The teams making these offers are majorly owned by something called the Public Investment Fund, which is one of Saudi Arabia’s sovereign wealth funds. The Gulf states, in particular Kuwait, the UAE, and Saudi Arabia, all have their own sovereign wealth funds, which in theory take oil revenues and use them to invest in the future of the Kingdom. Unlike the funds from France, Norway, and even China, the Gulf states have been widely criticized for being very opaque with their operations.

Public information about where they invest, outside of a few big purchases that attract a lot of attention, like the contracts to these sports people and occasionally entire teams inside and outside of the countries themselves. The Public Investment Fund of Saudi Arabia also owns Newcastle United, which plays in the much larger English Premier League.

This poses several questions: What is the logic here? Is there any way that this is a sensible economic strategy? The first explanation is that large sports teams are just businesses in a surprisingly large industry, and investment into these international and domestic teams is no different from regular investment into regular companies like every other sovereign wealth fund does. The only reason that Saudi Arabia or Qatar paying large sums to obtain footballers and golfers is any different from Norway buying shares in Apple is that regular people care more about sports stars and teams than they do about financial securities.

Even disregarding that matter of fact, sports teams are not ideal investments; many of them are run at a loss by extremely wealthy people who just want to own goods and services that they grew up enjoying. They may be businesses like any other, but they are normally bad investments, and the managers of sovereign wealth funds would know that. Fortunately, though, it might not matter if those returns are received directly through the investment fund itself. The stated goal of these funds is to build national income diversity beyond just resource revenues, and that is best achieved by building local industries.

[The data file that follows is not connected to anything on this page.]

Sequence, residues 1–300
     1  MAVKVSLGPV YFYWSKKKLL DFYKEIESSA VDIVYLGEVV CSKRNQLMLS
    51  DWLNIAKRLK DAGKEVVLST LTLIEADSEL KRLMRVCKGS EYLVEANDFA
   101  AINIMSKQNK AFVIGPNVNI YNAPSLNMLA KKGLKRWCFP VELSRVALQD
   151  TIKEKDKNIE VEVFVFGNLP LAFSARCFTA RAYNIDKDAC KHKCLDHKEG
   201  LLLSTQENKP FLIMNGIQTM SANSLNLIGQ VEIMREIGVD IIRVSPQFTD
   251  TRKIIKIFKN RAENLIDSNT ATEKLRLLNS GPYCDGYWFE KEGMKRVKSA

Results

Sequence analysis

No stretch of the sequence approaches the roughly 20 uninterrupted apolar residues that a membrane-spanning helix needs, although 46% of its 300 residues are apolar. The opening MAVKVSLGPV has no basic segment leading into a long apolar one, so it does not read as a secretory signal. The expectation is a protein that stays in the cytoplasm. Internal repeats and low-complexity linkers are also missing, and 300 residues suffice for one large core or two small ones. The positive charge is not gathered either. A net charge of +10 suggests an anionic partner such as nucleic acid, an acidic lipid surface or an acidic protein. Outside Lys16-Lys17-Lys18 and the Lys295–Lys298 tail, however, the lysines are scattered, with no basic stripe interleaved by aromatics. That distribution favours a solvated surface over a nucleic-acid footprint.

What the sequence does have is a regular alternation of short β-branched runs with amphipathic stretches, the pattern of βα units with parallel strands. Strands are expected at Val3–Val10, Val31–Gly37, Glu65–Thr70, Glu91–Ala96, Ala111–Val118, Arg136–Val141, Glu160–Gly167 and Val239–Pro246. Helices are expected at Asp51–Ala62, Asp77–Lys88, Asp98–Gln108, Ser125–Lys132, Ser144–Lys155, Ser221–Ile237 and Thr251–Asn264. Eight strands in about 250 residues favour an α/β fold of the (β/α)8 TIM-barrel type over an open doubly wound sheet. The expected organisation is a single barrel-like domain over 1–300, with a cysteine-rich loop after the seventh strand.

These sports teams could, theoretically at least, build a part of a major push for tourists and international business dollars. Newcastle United’s largest sponsor is Selah, a company that owns and develops the sports events industry primarily in Saudi Arabia. Even if the team itself never generates any money, the nation of Saudi Arabia will benefit in other ways by building itself up as a destination for sports fans all over the world.

Industries like this attract a lot of employment and require many businesses to accommodate for all of the supporting industries that spring up around it and have the potential to work in line with the general strategy of replacing oil revenues with revenues generated from being a regional business and tourist hub. With the addition of megaprojects, low taxes, and a convenient central location, it is an attractive offering to businesses that want to, at the very least, get a cut out of this seemingly reckless spending. This would encourage locals or even outsiders to build hotels, open restaurants, and everything else in between.

Saudi Arabia, in particular, is highly unlikely to ever profit directly from these record-breaking sports deals, but in the inevitable race against time that they find themselves in, spending a tiny fraction of their resource revenues on an industry that could speed up their transition to a self-sustaining economy. However, many problems arise – such as migrant labor wouldn’t have gotten the attention they’re currently getting if it wasn’t for the World Cup in Qatar. Nor would the conflict in Yemen without Formula One in Saudi Arabia.

If these countries want to make these investments work and open up to the world, then they’re going to have to address these issues where the alternative is hoarding their oil wealth and remaining stuck in their old ways.


Economics Explained, Bloomberg